Book Reviews

Book suggestions from Citizens for Public Justice, published each summer in the Catalyst.

Book Review: Wrongs to Rights

Wrongs to Rights From the Catalyst, Summer 2017

Wrongs to Rights: How Churches Can Engage the United Nations Declaration on the Rights of Indigenous Peoples
Edited by Steve Heinrichs
Mennonite Church Canada, 2016

Reviewed by Amie Nault

There has been a lot of discussion lately about how to best respond to the calls to action presented in the Truth and Reconciliation Commission’s Final Report. For many of us, we are left with the desire to do something, but remain unaware of what that something is.

Book Review: An Army of Problem Solvers

an_army_of_problem_solvers From the Catalyst, Summer 2017

An Army of Problem Solvers: Reconciliation and the Solutions Economy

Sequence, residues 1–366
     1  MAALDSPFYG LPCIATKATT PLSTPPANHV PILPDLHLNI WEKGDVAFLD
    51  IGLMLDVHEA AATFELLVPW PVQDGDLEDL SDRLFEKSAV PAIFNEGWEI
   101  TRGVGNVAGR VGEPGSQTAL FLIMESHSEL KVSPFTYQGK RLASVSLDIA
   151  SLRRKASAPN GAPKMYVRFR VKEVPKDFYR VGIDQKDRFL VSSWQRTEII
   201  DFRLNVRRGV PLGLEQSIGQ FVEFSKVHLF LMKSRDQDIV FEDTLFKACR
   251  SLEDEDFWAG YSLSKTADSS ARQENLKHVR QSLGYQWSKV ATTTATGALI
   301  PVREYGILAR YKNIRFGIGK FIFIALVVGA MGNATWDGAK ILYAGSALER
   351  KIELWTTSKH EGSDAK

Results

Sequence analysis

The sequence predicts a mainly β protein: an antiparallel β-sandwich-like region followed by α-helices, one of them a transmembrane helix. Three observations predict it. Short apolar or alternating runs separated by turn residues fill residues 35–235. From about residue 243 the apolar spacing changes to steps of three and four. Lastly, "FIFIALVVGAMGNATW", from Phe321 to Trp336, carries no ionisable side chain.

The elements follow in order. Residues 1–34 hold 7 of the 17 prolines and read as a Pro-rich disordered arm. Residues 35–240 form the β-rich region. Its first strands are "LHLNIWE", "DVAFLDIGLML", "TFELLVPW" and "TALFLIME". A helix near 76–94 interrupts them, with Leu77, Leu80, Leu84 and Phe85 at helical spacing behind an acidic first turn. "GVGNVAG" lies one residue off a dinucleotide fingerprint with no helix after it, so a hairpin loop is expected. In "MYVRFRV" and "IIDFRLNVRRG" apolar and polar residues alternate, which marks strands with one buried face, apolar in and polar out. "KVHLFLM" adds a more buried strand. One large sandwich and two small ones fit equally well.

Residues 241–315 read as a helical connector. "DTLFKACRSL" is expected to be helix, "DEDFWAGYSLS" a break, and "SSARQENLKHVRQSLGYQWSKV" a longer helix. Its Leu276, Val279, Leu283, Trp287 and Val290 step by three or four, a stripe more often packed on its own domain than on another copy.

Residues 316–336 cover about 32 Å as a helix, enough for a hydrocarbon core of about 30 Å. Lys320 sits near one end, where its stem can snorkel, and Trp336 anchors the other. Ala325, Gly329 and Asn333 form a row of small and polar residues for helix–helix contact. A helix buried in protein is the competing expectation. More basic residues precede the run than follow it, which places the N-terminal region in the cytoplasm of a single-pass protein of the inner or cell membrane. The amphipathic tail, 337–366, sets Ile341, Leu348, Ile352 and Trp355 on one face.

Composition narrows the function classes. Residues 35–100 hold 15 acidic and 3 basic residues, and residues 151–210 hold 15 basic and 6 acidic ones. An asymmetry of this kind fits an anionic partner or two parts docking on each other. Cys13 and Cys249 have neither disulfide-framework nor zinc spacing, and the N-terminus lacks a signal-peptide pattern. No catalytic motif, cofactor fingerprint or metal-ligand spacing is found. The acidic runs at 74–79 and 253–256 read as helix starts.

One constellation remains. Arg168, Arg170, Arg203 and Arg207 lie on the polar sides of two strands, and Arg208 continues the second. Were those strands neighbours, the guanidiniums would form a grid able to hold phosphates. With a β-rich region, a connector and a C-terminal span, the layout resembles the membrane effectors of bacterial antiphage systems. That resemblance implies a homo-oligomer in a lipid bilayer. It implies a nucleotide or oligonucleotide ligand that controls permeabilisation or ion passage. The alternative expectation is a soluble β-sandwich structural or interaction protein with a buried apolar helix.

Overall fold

By Shaun Loney
McNally Robinson, 2016

Reviewed by Asha Kerr-Wilson

An Army of Problem Solvers is about empowering people to be the problem solvers of the big social, economic, and environmental problems faced by their communities. Shaun Loney is a social entrepreneur and former civil servant who has worked with and been involved in establishing a number of social enterprises – small-scale community non-profits that aim to address social or environmental challenges using market forces

Book Review: Towards a Prairie Atonement

Towards A Prairie Atonement From the Catalyst, Summer 2017

Towards a Prairie Atonement
By Trevor Herriot
University of Regina Press, 2016

Reviewed by Dennis Gruending

Trevor Herriot is a gifted Saskatchewan writer who has published five acclaimed books within the past 16 years. His grandparents were European settlers on land just north of the Qu’Appelle River, which flows through Southern Saskatchewan into Manitoba. Herriot has staked his literary claim on that region. He has a strong naturalist bent and writes in illuminating detail about what he sees and hears on the ground, and about what has been lost. The prairie landscape, he says, has become one of the most altered on the planet.